Saturday 31 December 2016

People Don't Like Change(ing) - Part 3

But First, Some Post Scriptums (Scripta?)
Oxford Bus 500
A comment writer suggested that there was no "nastiness" in GoAhead's extension of the 500 to Woodstock ...
... whereas our man in Northampton prophesied a possible punch up with a pugilistic response from Stagecoach. So guess what the Oxford Mail reports!
Partnership - what partnership?
And this is from Stagecoach - explaining why.
Let battle commence.

Supertram Link 2
In his haste to publish today's blog, fbb forgot to report on the Link service on the Stagecoach App cum web site. This time (unlike for Supertram Link 1) the journey planner did offer a sensible connection.
But please make sure you leave enough time fro the 1 minutes walk from tram to bus stop!

But the on-line experience is marred by daft locations - AGAIN!

Stagecoach thinks that Acorn Drive is in Bradfield.
Only 4½ miles out. In case you wondered, there is NO Acorn Drive in Bradfield.

But there is one in Stannington ...
... and here it is on Google Maps (upper left), very close to the appurtenances of the village centre.
Sadly First Bus' journey planner is equally potty. Mr Fearnley's lads don't know that their route 81 goes to Acorn Drive so they make you walk. Acorn Drive is long and winding, so the 3 minute walk is wildly optimistic.
Apparently they also don't know that their own service 81 runs from the city centre.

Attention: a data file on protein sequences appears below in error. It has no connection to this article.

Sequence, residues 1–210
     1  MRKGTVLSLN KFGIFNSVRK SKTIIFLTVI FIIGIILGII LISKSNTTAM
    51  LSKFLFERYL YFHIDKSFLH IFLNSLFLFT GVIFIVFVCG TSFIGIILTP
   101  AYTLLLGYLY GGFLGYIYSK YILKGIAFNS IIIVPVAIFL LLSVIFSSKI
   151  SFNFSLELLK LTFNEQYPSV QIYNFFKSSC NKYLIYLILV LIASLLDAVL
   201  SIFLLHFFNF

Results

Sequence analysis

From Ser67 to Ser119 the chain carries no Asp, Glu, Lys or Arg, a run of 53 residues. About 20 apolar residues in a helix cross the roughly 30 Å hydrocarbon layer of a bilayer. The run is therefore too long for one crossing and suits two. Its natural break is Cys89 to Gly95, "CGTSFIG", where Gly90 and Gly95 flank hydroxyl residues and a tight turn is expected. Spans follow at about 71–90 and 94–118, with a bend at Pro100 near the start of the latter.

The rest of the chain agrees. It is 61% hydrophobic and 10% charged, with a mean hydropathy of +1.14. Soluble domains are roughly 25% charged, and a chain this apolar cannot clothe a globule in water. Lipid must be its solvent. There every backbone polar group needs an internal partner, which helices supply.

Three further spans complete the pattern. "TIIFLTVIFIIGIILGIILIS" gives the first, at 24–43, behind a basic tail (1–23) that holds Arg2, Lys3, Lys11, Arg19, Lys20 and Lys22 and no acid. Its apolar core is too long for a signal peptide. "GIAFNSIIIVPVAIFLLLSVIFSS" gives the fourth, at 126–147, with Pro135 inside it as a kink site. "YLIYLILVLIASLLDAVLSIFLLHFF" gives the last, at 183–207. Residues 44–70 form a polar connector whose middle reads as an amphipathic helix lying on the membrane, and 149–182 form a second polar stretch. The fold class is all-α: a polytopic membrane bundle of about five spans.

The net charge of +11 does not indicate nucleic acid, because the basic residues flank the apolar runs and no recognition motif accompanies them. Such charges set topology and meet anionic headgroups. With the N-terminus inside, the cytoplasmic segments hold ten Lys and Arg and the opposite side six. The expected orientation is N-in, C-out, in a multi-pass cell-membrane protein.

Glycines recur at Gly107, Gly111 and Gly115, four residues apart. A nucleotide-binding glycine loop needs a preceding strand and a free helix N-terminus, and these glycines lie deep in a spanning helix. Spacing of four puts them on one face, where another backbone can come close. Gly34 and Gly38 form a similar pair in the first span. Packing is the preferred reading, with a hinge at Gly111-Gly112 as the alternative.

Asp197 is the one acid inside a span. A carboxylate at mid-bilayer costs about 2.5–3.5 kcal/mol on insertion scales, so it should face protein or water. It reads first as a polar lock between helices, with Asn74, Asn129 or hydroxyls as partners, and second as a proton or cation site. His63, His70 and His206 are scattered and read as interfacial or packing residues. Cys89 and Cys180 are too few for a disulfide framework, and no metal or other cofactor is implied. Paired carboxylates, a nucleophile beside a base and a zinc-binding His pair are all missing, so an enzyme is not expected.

But First does recommend Supertram and Link 2 ...
... and some hours after fbb's original enquiry, First appears to have found through buses from Sheffield. But don't be deceived - they may be through from Sheffield, but they don't ever get to Acorn Drive.
Those that heap praise on Traveline might amuse themselves by trying to explain all these anomalies.

 The blog about Supertram Link 3 is postponed 

Up-to-Date with Notwork Rail?
There was considerable concern when Notwork Rail (possibly then called Snailtrack?) announced an extra platform at Kings Cross. Despite the existence of Platform 9¾ (?) ...
... the feeling was that it would completed noddleificate regular passengers if they renumbered everything to make the new one fit. So it was Platform 0.
And here is Notwork Rail's picture of Platform 0.
There is now another one which opened with the timetable change earlier this month.
Where is it? Like Kings Cross it is one beyond Platform 1, hence the same problem. It would have required everything to be renumbered - a fearful task which would spread confusion. But there it is, just tacked on to the Frenchgate Shopping Centre.
But go to the Notwork Rail station site and there it ...
... isn't!

The labelling of the diagram above is unhelpful "Platform 1" belongs to the lowest track, "Platform 2" should adjoin the bay and, wowee, "Platform 3a" is correct. Here is a picture thereof.
But there is no Platform 0 on the diagram, and no picture.

Maybe the lads at Notwork Rail have forgotten that they have built a new platform? But the National Rail journey planner confirms that trains are using it.

Didn't Leeds once have a Platform "W"?
Christmas Calendar
Useless gifts? A comment writer (this blog, yesterday) though this was a misprunt. It wasn't. Two year old lads would have little interest in frankincense and myrrh - too smelly; and gold would be a long term investment of use to the parents, maybe. Toddlers might like a box of bricks, a football, sweets or  new mobile phone, but not gold.